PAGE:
The game was fourth on the chart for top selling games in Japan for the week of its release, March 18 to March 24.[10] For the week ending May 21, 1999 in Japan, it ranked fifth.[11] In the United States, Pokémon Snap sold in excess of 151,000 copies in the first three days of its release.[12] Since its release, it was the most rented game, up to October 22, 1999.[13] For the month of November, it was featured in the United States' top 10 list of best-selling video games.[14] For the week ending November 27, it ranked as the 10th best-selling video game, while it remained the most-rented video game for the same week.[15] By the end of 1999, Pokémon Snap was the sixth best-selling video game in the United States, having sold in excess of 1.5 million copies.[16] IGN attributed this success with "well targeted promotions" and the tie in with Blockbuster.[16]

Critical reception[edit]

Reception
Aggregate scores
Aggregator Score
GameRankings 77%[18]
Metacritic 77/100[17]
Review scores
Publication Score
Electronic Gaming Monthly 83/100[22]
Famitsu 33/40[25]
GamePro 4/5 stars[23]
Game Revolution C+[24]
GameSpot 8/10[20]
IGN 7.8/10[19]
Nintendo Power 8.7/10[18]
Official Nintendo Magazine 85%[21]

Pokémon Snap received above average reviews from the media scoring 77/100 on Metacritic and a 77.05% Game Rankings.[17][18] Pokémon Snap was included among a test of video games that are fun, safe, easy to play, and of value for children.[26] Ars Technica editor Frank Caron commented that Pokémon Snap had become a "fan favorite", while author Marina D'Amato called it "famous".[2][27] Author Amit Dhir called it one of the most popular video games of 1999, alongside Gran Turismo and Final Fantasy VIII.[28] Kotaku described it as a "cash-in branded title".[29] Before its US release, IGN praised it as "strange", yet "fun".[30] Matt Casamassina of IGN called it an "addictive, surprisingly fun" game, noting however that "Pokemaniacs are bound to be disappointed with the selection of Pocket Monsters in the game -- roughly 62 out of a possible 151 in all."[19]

GameSpot praised it as a "refreshingly unique game".[20] IGN editors Mark Bozon and Casamassina commented on Pokémon Snap's likelihood of becoming a Virtual Console title; the former called it a "cult classic" as well as a "fresh and entertaining little package". While Casamassina again criticized the lack of Pokémon and length, he noted that a Virtual Console re-release would be appropriate, due to it being "simple and quick".[31] IGN also called it a "wonderful game for kids of all ages", though again bemoaning its lack of length.[32] Official Nintendo Magazine gave the game an 85%.[21] Electronic Gaming Monthly gave the game an 83/100.[22] GamePro commented that while "for Pokemon fans, this is a wonderful game", others will not find it as fun.[23]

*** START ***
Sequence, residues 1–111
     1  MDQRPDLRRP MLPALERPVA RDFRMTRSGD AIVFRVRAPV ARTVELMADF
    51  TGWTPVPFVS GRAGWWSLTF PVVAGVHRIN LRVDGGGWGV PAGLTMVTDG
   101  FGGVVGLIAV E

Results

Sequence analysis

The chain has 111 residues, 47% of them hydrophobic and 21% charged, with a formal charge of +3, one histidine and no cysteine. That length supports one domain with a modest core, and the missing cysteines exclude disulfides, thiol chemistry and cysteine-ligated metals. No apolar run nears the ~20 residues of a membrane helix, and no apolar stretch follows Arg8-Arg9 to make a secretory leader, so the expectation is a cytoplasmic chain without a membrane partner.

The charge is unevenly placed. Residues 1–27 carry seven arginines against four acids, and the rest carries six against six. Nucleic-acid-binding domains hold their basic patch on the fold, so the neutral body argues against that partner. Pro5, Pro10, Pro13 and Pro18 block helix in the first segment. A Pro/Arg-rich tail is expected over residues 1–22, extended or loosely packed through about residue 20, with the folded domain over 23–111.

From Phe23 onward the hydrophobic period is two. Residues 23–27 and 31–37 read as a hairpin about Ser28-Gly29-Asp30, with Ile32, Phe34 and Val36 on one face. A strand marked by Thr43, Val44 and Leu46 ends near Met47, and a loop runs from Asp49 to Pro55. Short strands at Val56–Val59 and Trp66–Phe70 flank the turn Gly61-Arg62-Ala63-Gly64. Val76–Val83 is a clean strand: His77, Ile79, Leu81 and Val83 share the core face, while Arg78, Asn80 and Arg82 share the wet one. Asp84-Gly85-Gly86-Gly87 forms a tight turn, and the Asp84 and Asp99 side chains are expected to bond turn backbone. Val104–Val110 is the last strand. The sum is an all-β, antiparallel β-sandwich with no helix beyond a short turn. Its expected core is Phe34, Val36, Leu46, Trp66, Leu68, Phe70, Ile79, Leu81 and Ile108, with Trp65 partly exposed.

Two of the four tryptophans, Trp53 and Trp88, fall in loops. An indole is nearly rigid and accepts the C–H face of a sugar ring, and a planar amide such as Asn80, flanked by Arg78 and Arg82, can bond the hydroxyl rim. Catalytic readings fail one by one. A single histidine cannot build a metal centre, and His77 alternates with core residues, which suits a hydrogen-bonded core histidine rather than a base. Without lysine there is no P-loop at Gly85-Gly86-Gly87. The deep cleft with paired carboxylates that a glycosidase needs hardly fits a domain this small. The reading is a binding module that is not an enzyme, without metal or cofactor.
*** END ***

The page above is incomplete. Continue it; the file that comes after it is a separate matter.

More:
Game Revolution called it "an absolute must-have for Pokemon fans and kids in general" but "for the rest of us, it's actually a decent diversion".[24] Electric Playground editor Victor Lucas called it "innovative" and "worth taking a look at".[33] Japanese gaming magazine, Famitsu, praised it for its "sense of peace", as well as its reproduction of "the feel of a safari or a theme park."[34] The Detroit Free Press editor Mike Floyd commented that while it has a "lot of initial flash", it "lacks depth to make it a great title".[35] Wired editor Susan Arendt commented that while Pokémon Snap was considered the "bastard child of the Pokémon franchise" by some, the people in her office loved it.[36] The Denver Post editor David Thomas commented that the concept of Pokémon Snap should have "never worked", but it turned out to be "one of the most creative and entertaining games on the market".[37]